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Neuromodulatory control of localized dendritic spiking in critical period cortex.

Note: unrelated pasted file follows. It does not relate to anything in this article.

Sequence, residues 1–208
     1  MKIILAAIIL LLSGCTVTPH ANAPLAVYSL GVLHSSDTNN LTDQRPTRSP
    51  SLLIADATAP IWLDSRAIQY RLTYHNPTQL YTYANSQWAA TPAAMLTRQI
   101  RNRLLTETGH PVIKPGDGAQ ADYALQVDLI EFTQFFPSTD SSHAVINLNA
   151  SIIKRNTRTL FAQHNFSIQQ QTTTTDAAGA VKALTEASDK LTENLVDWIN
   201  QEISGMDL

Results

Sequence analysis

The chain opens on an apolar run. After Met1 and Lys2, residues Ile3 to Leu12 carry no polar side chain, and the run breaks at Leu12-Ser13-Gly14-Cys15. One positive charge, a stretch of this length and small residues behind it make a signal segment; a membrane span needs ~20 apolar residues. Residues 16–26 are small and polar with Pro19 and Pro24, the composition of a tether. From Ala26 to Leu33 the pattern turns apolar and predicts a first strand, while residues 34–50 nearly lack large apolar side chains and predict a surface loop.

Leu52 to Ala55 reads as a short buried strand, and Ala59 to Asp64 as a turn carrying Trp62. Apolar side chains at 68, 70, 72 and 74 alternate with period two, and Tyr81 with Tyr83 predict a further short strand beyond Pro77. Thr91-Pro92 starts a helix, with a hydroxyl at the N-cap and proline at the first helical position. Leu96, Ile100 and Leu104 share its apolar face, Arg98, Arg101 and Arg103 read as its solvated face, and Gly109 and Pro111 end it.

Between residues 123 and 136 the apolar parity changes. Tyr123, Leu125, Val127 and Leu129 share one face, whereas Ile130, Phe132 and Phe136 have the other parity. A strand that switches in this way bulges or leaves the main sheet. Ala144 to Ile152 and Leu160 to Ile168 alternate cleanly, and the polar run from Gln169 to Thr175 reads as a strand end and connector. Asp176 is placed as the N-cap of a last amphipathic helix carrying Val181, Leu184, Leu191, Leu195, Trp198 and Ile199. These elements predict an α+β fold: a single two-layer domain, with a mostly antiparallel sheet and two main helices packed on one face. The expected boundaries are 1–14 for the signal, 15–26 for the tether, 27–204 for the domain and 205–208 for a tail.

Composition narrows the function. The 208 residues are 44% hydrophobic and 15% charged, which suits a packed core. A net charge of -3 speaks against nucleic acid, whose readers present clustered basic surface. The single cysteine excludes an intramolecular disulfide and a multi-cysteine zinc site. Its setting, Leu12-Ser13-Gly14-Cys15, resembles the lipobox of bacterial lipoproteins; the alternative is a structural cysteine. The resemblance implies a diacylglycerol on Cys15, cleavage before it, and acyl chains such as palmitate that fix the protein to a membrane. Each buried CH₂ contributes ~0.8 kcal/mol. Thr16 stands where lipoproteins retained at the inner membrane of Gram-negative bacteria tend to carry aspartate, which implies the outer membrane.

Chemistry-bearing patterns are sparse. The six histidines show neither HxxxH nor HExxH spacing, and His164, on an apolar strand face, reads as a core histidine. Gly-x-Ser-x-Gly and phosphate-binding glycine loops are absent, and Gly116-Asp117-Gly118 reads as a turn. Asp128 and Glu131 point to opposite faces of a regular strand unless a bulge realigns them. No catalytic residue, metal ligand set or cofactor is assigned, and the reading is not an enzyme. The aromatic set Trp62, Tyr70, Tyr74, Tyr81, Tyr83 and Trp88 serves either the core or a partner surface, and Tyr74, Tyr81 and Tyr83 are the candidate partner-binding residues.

Sensory experience in early postnatal life, during so-called critical periods, restructures neural circuitry to enhance information processing1. Why the cortex is susceptible to sensory instruction in early life and why this susceptibility wanes with age are unclear. Here we define a developmentally restricted engagement of inhibitory circuitry that shapes localized dendritic activity and is needed for vision to drive the emergence of binocular visual responses in the mouse primary visual cortex. We find that at the peak of the critical period for binocular plasticity, acetylcholine released from the basal forebrain during periods of heightened arousal directly excites somatostatin (SST)-expressing interneurons. Their inhibition of pyramidal cell dendrites and of fast-spiking, parvalbumin-expressing interneurons enhances branch-specific dendritic responses and somatic spike rates within pyramidal cells. By adulthood, this cholinergic sensitivity is lost, and compartmentalized dendritic responses are absent but can be re-instated by optogenetic activation of SST cells. Conversely, suppressing SST cell activity during the critical period prevents the normal development of binocular receptive fields by impairing the maturation of ipsilateral eye inputs. This transient cholinergic modulation of SST cells, therefore, seems to orchestrate two features of neural plasticity-somatic disinhibition and compartmentalized dendritic spiking. Loss of this modulation may contribute to critical period closure.

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